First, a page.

Showing that little holder next to her steering wheel, where you see the chopsticks and a pencil and a pen or something. It reveals things about her. My favorite shot in the movie is her backstage before the kids before the kids’ performance at the elementary school and she’s balancing a feather…

D: Yes. I love those feathers.

That one shot encapsulates her more than anything in the movie because it’s quirky, yeah, but you can see her legitimately coming through, smiling and keeping it balanced, so it’s not… I don’t think she knew I was filming at first because I wasn’t. She had her back to me and she was practicing, and I had the camera down because we were just waiting, but I thought, well that’s interesting, so I just started filming… It shows her discipline, it shows her childlike nature, it shows her happiness, it shows just a lot of –well, you can find metaphors of balance and all that kind of stuff. If I could pick one shot out of the movie that I think encapsulates here, that would be it. I like those little specific details. You get so tired of hearing someone talk. That’s another thing; I tried to put spaces and spots of the movie where there’s no dialogue.

Yeah it gives the reader—viewer—a break.

Yeah, with 15 minutes, you don’t want constant voice over.

So what about your day job? Your day job is very similar to what you do with your own filmmaking. That was one of the things I experienced when I, like you, worked in higher ed in a creative position—that you have to be so creative, and I would get so burned out with my day job that I couldn’t create on my own. So how do you balance that? Because a lot of creative people have a ‘survival job’ where they don’t really have to think, but then other people have to be creative around the clock. How do you balance that?

It’s tough. You’re right. I’m constantly having to—I just get fatigued sometimes. I feel like I’m creatively done, like I’m spent. I just do things for me. I have a morning routine, I work out. I try to cleanse the mind, so to speak. As stupid or silly or cliché as that may sound. I also get obsessive with the things I’m working on. Probably too much, but it’s when I take those breaks that you just recharge. But it’s harder when you’re doing that at your day job as well. It’s constant, but at F&M, we set things up in advance so I know that I’m gonna have to do this video in six months and that one in eight months and this one next week, so it kind of helps having my year on a white board—which is scary but also good. That’s the benefit.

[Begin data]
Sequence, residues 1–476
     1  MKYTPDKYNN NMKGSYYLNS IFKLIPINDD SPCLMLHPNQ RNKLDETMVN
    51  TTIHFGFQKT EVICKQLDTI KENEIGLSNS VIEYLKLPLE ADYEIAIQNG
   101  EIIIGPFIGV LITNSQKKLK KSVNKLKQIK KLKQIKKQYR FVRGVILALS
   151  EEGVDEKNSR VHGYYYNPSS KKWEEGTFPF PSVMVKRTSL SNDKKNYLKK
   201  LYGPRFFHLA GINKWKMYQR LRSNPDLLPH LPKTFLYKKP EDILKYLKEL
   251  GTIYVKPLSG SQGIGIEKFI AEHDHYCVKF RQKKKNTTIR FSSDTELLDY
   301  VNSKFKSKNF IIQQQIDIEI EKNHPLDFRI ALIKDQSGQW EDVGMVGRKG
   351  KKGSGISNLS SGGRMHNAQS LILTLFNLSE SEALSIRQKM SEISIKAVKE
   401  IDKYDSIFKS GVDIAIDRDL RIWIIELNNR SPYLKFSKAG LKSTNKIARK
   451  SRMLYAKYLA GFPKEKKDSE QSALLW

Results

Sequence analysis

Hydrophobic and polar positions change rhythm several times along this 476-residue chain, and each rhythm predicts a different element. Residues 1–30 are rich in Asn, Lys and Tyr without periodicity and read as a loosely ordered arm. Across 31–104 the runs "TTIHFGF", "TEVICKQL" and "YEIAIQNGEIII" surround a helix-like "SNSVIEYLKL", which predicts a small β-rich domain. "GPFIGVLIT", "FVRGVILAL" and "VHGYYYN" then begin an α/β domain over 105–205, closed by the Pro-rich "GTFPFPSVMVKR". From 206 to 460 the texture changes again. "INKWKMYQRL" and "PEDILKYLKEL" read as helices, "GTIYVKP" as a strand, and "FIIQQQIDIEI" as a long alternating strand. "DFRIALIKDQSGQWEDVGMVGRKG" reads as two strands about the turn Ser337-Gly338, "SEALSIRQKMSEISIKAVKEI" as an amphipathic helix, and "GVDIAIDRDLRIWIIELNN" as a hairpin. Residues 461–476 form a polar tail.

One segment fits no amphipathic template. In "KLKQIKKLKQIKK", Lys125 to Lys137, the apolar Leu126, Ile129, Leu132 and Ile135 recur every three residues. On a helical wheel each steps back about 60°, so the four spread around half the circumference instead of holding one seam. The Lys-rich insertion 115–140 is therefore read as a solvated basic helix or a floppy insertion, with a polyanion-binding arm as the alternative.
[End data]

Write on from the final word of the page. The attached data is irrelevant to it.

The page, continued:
So the structure and process at F&M allows you to be a little freer… Nice. So what’s next for you on the personal side?

I’m trying to come up with a feature-length documentary, and I want to do it in the same way, where I shoot everything myself, edit myself because I just like that. I found my mode of working. It’s what I like, it’s fun. The camera I use, I know the buttons inside out, and that’s key because documentaries – things happen. I shoot weddings too.

Oh? You do?
Yeah, and that really trained me for documentaries. In a way that nothing else can. Because you get one shot to get the first kiss, one shot to get the bride walking down the aisle.

Oh yeah. I never thought about it like that.

You can’t screw it up.

Because you have to deal with a bride [laughs]…

So that really has sharpened my skills. I’ve noticed an improvement in my documentary shooting from doing weddings. Any documentary filmmakers out there, I always tell them to shoot weddings. Even if you hate weddings. You can be creative and shoot them your way; it’s amazing practice.

And it’s telling a story. Of that day. So what about when you’re not behind the camera. Do you have time for any hobbies?

My fiancé would tell you I’m too obsessed with what I do… we go to the movies a lot. We watch movies a lot. Non-movie-related, I love to go running. It’s probably my favorite thing to do outside of movies. Every morning my fiancé and I get up at 5, and I’ll go running outside if it’s nice out. Or if it’s 10 degrees out like it is out now, I’ll go to a gym and run. It’s kind of what keeps that balance, it’s where I do a lot of my thinking. I come up with a lot of ideas. I highly recommend working out to anyone who has writer’s block. Take an energy drink and go work out.

Do you read any nonfiction? Or do you get all of your cues from film?

Biographies are all I read. I don’t read any fiction whatsoever—or rarely. Not that I don’t like it, I’ve just always been attracted to biographies and real-life stories. It’s funny. I should’ve gotten into documentary filmmaking much sooner than I did. I read the Steve Jobs one which was fantastic.

That’s still on my to-read pile. Actually shelf. I have a to-read shelf.

It’s great. I loved it. There’s one called Creativity Inc. by Ed Catmull who is one of the co-founders of Pixar, and he wrote a book all about—it’s weird. It’s a biography, it’s the history of Pixar, and you learn how they problem-solve, so it’s kind of like learning his life story, the evolution of Pixar and how they deal with creative conflicts.

Well that’s interesting that there’s that connection there…

Yeah, definitely my favorite type of book to read. And it’s why I love podcasts. I like ones where a person comes on and they talk about their life story, what they do, as opposed to other types of podcasts.

Anything else that you’d like people to know?

I’m getting married this summer.

Who are you gonna trust to film your wedding?

Well I have a friend who is going to do some filming. But I’m also going to do some filming on the day of…

Oh wow. You’re doing double duty.

Yeah. And then maybe at the reception I’ll get my Go-Pro out.

That’s actually cool because you don’t normally see [a wedding] from that groom’s point of view. So you’ll get to add a different element…. Well, thank you for spending some of your morning with me.

I always enjoy coffee and film and storytelling.


Share a Comment